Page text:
“Pan-Damn-It!” is a “zoom” play written by Kyung Hyun Kim, a faculty member in the Department of East Asian Studies and Visual Studies at UC Irvine, and co-directed by Jane Page, a faculty member in UCI’s Drama Department, and Gavin Cameron-Webb, theater director. The script highlights the much-publicized mask debate in the US by juxtaposing the moral conflict between individual liberty and public health and by exposing the invisible social divisions that are complicated by the dynamic multi-ethnic makeup of Southern California. Taken from the press release. Continue Reading
Our Life : The Black Youths Stories Project – An Interview with Ross Jackson & Megan Gainey @ University of California, Irvine
Written by Patrick Chavis
I recently had the pleasure of interviewing the creators of UCI’s new original play “[Our Life] The Black Youth Stories Project”. Writers Ross Jackson and Megan Gainey spoke freely about their journey making this extensive project.
So how did you get together to create this project?
Megan: Well we got together because we are together. (Megan and Ross laugh together). I was just sort of the person he was venting to about his ideas, and I was like oh cool other ideas.
Written by Daniella Litvak
Promised Land is a good-natured children’s theater production retelling of Exodus. The child actors are having fun. The adult actors are having a blast hamming it up. It was truly sweet, seeing
how right after the curtain call, the actors leaped straight from the stage into the arms of their adoring family and friends.
Criticizing the show feels like I’m kicking a puppy. I could say it’s fine enough for a children’s theater production and leave it at that. However, taking such a dismissive attitude would be an insult to all children’s work that transcends age barrier and to the child actors in the show who deserve better material.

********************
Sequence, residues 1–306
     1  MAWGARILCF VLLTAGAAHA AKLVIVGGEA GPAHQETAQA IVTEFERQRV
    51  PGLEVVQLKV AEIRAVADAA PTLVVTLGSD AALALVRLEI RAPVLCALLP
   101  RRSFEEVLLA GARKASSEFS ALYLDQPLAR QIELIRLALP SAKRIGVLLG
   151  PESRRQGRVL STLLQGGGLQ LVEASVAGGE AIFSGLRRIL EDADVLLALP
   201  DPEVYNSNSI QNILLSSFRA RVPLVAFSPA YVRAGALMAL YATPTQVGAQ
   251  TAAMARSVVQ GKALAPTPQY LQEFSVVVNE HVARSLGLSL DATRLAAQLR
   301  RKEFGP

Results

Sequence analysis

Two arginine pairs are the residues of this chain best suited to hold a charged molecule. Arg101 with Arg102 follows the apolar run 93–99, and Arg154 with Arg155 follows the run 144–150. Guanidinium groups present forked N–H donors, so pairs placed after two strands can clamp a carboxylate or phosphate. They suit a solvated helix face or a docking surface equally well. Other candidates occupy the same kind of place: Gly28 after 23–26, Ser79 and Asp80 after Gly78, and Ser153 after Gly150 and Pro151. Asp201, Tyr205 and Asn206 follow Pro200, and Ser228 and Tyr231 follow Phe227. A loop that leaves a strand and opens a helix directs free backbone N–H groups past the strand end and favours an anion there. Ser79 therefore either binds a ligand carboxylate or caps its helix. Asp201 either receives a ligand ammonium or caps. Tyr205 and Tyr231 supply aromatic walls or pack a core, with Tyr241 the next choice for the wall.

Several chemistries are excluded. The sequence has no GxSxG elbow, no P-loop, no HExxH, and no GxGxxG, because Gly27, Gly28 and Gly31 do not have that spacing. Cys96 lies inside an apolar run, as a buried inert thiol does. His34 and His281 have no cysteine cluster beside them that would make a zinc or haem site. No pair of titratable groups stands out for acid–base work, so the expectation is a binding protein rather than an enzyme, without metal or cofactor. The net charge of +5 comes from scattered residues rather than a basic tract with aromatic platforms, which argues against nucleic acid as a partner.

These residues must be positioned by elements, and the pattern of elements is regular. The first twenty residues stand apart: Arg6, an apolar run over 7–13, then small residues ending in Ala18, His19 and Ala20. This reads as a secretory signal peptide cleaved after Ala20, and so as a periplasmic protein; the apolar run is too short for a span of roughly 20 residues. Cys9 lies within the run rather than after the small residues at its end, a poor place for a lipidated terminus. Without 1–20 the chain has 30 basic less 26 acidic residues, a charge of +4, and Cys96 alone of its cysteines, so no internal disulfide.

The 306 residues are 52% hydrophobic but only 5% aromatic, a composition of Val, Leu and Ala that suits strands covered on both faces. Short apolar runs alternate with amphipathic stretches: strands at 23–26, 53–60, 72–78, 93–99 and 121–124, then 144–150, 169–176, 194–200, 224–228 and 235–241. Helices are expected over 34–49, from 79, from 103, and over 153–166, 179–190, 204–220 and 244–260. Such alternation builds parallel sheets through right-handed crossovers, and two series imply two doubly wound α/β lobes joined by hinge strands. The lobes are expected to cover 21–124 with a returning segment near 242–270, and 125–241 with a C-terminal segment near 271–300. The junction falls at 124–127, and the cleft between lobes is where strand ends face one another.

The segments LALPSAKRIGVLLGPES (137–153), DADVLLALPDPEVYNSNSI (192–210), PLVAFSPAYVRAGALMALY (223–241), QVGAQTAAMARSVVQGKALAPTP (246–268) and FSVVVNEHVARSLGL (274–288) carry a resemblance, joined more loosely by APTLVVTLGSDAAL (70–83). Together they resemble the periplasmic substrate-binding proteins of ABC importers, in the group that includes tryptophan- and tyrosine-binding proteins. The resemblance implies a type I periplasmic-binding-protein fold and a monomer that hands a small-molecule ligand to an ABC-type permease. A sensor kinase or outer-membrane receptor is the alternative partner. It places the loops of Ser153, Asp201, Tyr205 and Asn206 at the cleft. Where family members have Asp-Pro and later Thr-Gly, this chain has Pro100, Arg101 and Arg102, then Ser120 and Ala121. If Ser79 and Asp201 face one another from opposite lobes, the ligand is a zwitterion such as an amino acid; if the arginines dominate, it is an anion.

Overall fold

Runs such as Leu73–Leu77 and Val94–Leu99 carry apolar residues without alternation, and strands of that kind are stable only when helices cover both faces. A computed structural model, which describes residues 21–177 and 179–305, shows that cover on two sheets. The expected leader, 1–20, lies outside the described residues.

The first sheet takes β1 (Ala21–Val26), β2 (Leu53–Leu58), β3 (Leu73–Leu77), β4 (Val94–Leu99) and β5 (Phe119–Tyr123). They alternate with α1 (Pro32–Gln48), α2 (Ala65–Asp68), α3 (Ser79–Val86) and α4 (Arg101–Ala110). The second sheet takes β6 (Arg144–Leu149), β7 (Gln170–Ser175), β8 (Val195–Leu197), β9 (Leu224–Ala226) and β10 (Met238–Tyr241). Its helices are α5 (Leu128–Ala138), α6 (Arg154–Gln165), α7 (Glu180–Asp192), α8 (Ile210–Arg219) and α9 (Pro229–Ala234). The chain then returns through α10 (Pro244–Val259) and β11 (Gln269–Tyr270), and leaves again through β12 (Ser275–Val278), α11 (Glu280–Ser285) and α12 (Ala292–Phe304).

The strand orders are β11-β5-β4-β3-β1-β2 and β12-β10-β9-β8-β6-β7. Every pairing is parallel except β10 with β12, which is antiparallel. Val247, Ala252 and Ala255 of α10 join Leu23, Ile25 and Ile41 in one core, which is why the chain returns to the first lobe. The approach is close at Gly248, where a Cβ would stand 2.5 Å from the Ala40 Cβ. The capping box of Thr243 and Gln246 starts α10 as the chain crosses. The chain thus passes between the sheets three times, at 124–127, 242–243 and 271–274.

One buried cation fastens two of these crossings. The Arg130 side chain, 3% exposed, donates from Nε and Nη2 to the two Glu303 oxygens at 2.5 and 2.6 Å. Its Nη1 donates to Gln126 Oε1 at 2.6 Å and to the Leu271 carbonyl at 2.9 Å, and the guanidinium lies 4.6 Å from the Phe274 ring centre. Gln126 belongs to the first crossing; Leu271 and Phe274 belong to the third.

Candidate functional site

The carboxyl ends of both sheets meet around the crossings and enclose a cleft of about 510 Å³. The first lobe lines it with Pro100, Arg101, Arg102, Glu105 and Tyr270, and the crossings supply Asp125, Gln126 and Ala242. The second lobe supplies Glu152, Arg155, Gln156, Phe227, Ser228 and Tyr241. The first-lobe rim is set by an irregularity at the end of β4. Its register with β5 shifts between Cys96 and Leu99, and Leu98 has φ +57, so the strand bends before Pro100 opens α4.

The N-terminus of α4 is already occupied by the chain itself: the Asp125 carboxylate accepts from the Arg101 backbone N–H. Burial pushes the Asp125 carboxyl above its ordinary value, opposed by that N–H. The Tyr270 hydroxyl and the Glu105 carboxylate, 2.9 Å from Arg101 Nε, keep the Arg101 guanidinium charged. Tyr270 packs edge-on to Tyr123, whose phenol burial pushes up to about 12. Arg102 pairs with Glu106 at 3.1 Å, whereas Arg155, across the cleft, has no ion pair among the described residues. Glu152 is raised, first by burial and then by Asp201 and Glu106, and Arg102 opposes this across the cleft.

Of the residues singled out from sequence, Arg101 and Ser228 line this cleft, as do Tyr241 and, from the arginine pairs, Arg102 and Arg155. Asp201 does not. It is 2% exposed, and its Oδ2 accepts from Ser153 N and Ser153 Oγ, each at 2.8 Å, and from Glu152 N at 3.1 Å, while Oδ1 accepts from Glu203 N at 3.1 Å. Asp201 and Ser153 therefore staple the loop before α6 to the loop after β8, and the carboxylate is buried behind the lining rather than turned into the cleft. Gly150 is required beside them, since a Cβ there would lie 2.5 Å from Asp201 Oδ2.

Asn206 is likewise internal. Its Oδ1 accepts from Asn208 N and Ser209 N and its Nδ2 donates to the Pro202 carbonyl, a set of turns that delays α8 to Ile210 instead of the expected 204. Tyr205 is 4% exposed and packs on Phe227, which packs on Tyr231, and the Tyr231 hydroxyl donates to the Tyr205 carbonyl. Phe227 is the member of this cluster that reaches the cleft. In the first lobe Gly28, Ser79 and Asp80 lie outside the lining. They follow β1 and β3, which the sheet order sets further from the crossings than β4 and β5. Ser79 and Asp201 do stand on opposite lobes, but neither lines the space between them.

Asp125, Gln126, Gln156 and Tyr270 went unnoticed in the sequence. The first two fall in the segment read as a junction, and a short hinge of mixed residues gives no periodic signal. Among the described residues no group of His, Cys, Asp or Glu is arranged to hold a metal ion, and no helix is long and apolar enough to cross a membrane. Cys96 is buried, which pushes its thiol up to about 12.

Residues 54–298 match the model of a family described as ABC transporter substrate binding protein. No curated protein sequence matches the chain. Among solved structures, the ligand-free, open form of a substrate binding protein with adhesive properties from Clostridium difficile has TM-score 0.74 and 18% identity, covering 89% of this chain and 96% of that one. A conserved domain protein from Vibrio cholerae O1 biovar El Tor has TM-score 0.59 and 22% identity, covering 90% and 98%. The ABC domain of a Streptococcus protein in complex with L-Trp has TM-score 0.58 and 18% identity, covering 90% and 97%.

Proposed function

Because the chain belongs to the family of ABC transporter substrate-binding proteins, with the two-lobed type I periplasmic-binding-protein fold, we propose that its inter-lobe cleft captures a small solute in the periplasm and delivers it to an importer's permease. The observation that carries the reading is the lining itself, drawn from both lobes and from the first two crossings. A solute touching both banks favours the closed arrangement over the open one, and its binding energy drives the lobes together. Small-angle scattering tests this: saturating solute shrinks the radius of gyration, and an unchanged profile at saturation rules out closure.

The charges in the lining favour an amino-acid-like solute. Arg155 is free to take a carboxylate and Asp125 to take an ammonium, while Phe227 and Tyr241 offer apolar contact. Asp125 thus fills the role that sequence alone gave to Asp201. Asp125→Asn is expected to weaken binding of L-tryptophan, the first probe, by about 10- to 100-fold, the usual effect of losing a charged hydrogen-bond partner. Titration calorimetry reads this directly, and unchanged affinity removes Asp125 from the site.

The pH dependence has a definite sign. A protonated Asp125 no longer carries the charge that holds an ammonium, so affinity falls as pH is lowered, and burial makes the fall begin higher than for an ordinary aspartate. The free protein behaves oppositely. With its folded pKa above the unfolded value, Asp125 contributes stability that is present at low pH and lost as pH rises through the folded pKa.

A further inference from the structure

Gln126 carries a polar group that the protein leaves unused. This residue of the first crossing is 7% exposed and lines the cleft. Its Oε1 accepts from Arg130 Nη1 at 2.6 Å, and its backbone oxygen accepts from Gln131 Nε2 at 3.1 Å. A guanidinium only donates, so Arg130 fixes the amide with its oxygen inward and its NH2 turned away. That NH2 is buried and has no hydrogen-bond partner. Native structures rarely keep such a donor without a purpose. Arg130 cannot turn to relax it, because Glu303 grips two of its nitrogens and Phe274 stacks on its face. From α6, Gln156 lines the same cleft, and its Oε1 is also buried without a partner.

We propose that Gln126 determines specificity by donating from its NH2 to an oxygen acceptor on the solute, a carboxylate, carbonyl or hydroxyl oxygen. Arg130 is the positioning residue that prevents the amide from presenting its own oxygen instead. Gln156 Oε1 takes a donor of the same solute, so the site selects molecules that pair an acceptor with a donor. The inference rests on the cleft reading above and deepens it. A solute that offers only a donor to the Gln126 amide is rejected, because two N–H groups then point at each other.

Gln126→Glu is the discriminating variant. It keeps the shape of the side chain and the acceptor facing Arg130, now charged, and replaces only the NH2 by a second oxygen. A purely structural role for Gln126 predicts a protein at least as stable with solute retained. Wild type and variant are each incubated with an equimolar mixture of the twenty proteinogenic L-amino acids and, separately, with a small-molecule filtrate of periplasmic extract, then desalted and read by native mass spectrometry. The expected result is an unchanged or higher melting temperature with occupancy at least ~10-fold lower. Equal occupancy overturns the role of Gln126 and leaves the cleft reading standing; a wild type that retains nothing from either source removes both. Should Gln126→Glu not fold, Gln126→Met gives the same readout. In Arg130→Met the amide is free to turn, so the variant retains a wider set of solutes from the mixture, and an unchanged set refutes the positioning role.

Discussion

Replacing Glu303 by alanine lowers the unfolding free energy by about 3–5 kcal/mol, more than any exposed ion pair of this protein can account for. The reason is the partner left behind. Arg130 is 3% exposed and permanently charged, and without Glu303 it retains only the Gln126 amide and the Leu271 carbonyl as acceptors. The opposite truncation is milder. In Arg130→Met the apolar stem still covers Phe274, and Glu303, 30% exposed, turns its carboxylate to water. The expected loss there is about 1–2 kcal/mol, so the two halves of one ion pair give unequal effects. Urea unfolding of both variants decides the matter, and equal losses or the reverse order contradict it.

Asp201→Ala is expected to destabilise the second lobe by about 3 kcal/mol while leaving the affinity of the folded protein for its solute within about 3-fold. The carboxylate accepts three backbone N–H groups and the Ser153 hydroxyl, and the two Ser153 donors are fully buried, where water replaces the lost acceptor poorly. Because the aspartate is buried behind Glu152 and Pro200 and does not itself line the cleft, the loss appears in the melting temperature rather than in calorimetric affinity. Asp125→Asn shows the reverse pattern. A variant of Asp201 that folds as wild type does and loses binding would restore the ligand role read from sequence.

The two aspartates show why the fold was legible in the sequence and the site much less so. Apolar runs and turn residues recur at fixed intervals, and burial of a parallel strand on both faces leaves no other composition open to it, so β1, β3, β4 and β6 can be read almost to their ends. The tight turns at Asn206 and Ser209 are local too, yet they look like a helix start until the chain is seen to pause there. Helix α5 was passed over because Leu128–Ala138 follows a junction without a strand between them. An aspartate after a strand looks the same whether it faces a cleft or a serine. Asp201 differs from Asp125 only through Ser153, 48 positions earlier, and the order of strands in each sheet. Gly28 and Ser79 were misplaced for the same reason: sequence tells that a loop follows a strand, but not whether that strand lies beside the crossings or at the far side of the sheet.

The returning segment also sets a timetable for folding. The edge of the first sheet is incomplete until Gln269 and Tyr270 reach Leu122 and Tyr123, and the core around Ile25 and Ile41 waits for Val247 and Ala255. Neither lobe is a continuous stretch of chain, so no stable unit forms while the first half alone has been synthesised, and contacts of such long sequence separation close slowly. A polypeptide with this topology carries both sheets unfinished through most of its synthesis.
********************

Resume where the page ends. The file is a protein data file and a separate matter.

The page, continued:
Sound wise the show gets off to a rocky start. The opening number’s vocals are a bit muddled. During the first act there are quite a few times where the music overpowers the singing. The musical numbers are cute and fun, but they’re not really memorable. Also the sound effect for baby Moses is really annoying.
As for the story itself… The Book of Exodus is always a great source of storytelling material. However, the show tries to do the Shrek thing and cram in a bunch of anachronistic jokes. The problem is that most of these jokes lack any sort of bite to really generate the laughs. Especially during the first act, the plot meanders all over the place. Some of the detours are a bit odd –like the scene where teenage Moses is dating two girls at once. These weird detours really make the more dramatic parts of the story feel brushed over.
I think the second act is better than the first. The story is tighter and adds meta jokes, which I have to admit I’m a sucker for. Aaron dressed in prison stripes while playing a pink, Hello Kitty electric guitar during “Leaving Sand City” (a parody medley of classic rock songs) cracked me up.
The actor playing the lamb and then the cow deserves a shout out for fully committing to the roles and providing some nice physical comedy.
Overall, it’s cute and has some nice moments, but I can’t really recommend it.
Feb 20th – March 15
Written by Patrick Chavis
Christmas time is over but that doesn’t stop the influx of Christmas plays, especially that Classic Charles Dickson play, A Christmas Carol (we reviewed three this year but couldn’t make them all). I’ve seen the movies, watched the plays, seen the Christmas straight to TV versions. There is definitely no shortage of creative versions here. Musical Theatre Villages version, entitled ‘Scrooge’ is a welcome addition to the every-growing lexicon of Christmas Carol adaptions with catchy music, exceptional performances by a few and a fun-filled laid back spirit that makes this a perfect show for the entire family. Continue Reading